Photo: ©Bartek Olszewski @1WildShot

Managing  the  Park  during  COVID

(from Friends’ autumn newsletter) 

While we were all enjoying Richmond Park’s tranquillity during lockdown and then the hot summer weather, what was it like to manage it? Simon Richards, the Park Manager’s answer is ‘a challenge’.


Staff numbers were well down. His management team and grounds maintenance contractors were fully staffed throughout, but fifty Royal Parks staff were furloughed, including the whole ecology team.

In contrast, the work was well up.  Closing and then re-opening the Park and its facilities was difficult to plan and implement. Toilets, for example, were particularly challenging: it was difficult to maintain social distancing and the cleaning staff travelled by public transport, risking infection.

There was a substantial increase in visitors, many coming for the first time, and this caused a range of problems, including damage, litter and antisocial behaviour. In particular, large groups of young people partying into the night created mountains of litter. Litter, Simon says, was one of his two biggest problems.

Drought was the other big problem. At lockdown, the Park was saturated from high winter rainfall, but within a few weeks it became parched and, in places, badly eroded by the greater visitor numbers. Trees suffered. Staff were diverted to provide virtually continuous watering of the most vulnerable trees. Even so some trees died or were weakened and an abnormal number of days of high winds caused many to shed limbs, needing fencing to protect the public from them. Ragwort flourished and threatened to take over areas of acid grassland. On the plus side, however, it was a good summer for invertebrates, especially butterflies, and for birds.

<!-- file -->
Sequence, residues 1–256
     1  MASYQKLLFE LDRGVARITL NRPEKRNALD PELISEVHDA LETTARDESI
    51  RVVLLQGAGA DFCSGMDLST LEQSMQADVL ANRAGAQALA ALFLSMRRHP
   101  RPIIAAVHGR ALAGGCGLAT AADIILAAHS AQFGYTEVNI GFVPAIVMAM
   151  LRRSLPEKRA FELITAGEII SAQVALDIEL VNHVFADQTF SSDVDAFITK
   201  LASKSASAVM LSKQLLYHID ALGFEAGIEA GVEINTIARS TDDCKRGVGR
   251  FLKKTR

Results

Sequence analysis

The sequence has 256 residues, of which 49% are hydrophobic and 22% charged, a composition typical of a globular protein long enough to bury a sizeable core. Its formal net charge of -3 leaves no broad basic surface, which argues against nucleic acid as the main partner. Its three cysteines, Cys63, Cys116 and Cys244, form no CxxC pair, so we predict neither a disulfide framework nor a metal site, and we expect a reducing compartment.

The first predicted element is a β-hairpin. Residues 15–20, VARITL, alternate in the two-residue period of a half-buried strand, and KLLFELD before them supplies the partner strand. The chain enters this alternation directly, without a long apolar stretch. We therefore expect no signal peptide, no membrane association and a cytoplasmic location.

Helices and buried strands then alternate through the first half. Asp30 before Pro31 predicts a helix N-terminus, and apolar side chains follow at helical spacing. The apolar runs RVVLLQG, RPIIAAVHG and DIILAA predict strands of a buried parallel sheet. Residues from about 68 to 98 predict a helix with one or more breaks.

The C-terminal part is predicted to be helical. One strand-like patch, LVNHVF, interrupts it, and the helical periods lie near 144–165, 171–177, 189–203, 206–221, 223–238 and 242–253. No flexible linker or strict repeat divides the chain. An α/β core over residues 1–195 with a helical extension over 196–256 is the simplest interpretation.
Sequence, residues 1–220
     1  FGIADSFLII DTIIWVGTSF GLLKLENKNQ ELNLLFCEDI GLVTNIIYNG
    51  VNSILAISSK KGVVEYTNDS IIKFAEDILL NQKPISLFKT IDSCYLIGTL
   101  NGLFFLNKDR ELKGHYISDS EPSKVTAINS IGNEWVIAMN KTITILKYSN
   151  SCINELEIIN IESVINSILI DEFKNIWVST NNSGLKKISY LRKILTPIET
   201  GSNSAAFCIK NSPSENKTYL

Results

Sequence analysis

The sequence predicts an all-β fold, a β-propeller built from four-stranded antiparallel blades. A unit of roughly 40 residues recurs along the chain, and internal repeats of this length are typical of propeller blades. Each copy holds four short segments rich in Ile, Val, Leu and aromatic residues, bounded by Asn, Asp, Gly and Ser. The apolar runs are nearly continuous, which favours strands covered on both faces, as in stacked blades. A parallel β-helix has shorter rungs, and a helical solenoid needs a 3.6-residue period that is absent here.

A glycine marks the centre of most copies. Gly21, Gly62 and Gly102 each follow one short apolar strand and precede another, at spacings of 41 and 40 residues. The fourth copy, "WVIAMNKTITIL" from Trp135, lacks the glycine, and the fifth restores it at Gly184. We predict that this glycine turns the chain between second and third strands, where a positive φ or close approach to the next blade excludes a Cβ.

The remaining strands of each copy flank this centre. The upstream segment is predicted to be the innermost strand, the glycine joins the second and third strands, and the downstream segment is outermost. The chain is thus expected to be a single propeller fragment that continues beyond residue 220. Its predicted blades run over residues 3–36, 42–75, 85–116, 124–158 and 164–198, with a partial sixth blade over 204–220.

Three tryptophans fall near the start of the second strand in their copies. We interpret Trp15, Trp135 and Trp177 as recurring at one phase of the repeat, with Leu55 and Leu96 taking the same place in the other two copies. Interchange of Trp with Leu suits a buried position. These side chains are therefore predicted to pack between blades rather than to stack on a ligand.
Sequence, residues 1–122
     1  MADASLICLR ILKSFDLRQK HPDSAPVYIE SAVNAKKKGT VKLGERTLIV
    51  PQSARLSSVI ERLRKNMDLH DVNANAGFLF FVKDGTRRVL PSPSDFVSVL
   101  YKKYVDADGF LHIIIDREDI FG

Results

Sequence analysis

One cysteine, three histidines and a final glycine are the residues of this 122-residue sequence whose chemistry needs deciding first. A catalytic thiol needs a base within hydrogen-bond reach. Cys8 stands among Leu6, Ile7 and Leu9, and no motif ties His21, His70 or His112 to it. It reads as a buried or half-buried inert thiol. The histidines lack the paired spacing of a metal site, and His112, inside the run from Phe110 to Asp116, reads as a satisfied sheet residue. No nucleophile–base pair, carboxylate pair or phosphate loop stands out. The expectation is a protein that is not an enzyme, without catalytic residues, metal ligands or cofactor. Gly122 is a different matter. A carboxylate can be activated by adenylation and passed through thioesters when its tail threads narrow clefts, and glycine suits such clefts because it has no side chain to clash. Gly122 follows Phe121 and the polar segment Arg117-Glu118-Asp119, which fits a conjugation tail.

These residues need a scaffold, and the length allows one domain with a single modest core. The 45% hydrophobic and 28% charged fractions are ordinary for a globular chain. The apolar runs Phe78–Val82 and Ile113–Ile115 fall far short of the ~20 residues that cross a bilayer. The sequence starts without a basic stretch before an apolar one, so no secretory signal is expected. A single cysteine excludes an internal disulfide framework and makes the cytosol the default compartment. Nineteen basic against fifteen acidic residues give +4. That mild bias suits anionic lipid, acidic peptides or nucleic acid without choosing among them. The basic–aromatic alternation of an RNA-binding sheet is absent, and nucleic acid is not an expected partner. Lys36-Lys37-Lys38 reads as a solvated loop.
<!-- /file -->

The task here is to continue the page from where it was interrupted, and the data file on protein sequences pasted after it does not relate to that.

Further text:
Financially, the period has also been difficult. The Royal Parks (TRP) receives 85% of its money from commercial income and this year has lost most of it. The Hyde Park concerts, Winter Wonderland and the Half Marathon have been cancelled; catering and filming income are much lower. In Richmond Park, the Duathlon and Ride London were cancelled, and Pembroke Lodge’s weddings and catering are restricted (although the golf courses have been flat out since the end of lockdown). Throughout TRP, budgets have been cut and big projects, including two in Richmond Park, have stopped. It will take two to three years before TRP’s finances are back to normal and it has re-built the reserves that have been used in surviving the effects of coronavirus.

Simon’s last words are a huge thanks to the sections of the local community and many volunteers that have supported him through this period. We, in turn, give grateful thanks to him and his team.